Kokua Line

June Watanabe

State will put driver’s
manual on its Web site

Question: Shouldn't the Hawaii Driver's Manual be available on the Internet for free? If the point is to have safe drivers, I don't see why it would be absent from the city's Web site -- -- which says: "You should review traffic laws and rules of the road. You should study the Hawaii Driver's Manual prior to tests. (Manuals are available at local bookstores and state libraries.)"

Answer: We contacted the city Department of Customer Services about your suggestion and was told the city can't just put the Hawaii Driver's Manual online because it is copyrighted by the state transportation director.

In fact, the first page of the manual says, "No part of this manual may be reproduced in any form without the written permission of the director of transportation of the state of Hawaii."

We asked the Transportation Department about your suggestion and were told that posting the manual online is an idea whose time has come.

Hagadone Printing Co. has the Transportation Department's contract to print the driver's manual, and the company is in the process of digitizing it as well, said transportation spokesman Scott Ishikawa.

"Depending on how quickly the company can get it done, the driver's manual could be posted on our DOT Web site next year," he said.

Ishikawa said he will let "Kokua Line" readers know when it happens.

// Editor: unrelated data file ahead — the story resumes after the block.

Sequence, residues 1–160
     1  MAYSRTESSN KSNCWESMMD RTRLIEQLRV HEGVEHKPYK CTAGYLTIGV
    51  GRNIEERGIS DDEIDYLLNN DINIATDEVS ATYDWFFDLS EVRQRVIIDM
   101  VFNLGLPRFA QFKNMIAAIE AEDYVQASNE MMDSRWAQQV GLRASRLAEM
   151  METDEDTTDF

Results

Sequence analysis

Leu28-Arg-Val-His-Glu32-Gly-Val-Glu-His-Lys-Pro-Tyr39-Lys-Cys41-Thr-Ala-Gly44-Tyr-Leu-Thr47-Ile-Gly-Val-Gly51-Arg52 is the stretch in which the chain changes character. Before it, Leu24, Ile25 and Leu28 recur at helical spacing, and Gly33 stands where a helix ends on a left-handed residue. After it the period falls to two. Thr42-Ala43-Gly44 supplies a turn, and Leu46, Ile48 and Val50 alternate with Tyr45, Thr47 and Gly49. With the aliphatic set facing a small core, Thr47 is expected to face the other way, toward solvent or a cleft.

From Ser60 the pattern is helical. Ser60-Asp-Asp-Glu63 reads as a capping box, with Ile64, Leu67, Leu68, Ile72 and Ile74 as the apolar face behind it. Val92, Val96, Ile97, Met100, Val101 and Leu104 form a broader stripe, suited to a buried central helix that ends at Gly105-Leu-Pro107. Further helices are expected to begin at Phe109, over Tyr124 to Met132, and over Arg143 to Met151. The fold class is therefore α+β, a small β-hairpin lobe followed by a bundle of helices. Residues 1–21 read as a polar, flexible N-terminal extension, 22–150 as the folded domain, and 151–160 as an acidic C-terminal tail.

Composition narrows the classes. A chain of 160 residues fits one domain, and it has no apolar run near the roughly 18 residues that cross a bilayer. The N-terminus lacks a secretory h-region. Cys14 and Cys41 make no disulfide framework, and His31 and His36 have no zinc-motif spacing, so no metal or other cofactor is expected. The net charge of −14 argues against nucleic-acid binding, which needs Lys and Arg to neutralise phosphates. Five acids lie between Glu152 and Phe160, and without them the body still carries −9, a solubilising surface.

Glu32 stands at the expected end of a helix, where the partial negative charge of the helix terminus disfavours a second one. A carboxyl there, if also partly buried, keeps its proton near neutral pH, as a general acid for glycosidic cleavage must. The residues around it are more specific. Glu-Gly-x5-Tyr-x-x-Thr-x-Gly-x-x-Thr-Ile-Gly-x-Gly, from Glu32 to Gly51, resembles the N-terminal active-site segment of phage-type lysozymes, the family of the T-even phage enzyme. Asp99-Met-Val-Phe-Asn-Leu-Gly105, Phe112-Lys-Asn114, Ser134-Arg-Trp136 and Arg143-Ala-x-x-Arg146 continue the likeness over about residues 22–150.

And once that happens, the city Motor Vehicle and Licensing Office says it could then create a link from its Web site. Stay tuned.

Q: Why aren't the parking meters at Kapiolani Park and Honolulu Zoo monitored all the time? I walk around Kapiolani Park every morning, and all the meters are blinking -- no one is paying for parking. If this was enforced, there would be revenue that could add up for the city.

A: This is another situation in which you can't please all the people all of the time.

The meters are checked frequently, and, in fact, other people have complained that enforcement is too rigorous in that area, according to Capt. Jose Gaytan, of the Honolulu Police Department's Traffic Division.

He points out that while the meters in the Honolulu Zoo parking lot are supposed to be fed 24 hours a day, the ones along Kalakaua Avenue, on the makai side of Kapiolani Park, are required to be fed only from 10 a.m. to 6 p.m.

HPD recently received a complaint from a City Council member's office about the parking situation along Kapiolani Park on Kalakaua, so the department monitored the situation from Sept. 25 to Oct. 6.

The result: It was revealed "we had extraordinary enforcement," Gaytan said.

He noted that many people who park in that area have disabled-parking placards, which allow them to park for free in the metered stalls for up to four hours at a time.

Gaytan said he would pass on your complaint to the parking enforcement office, which falls under HPD.


See the Columnists section for some past articles.

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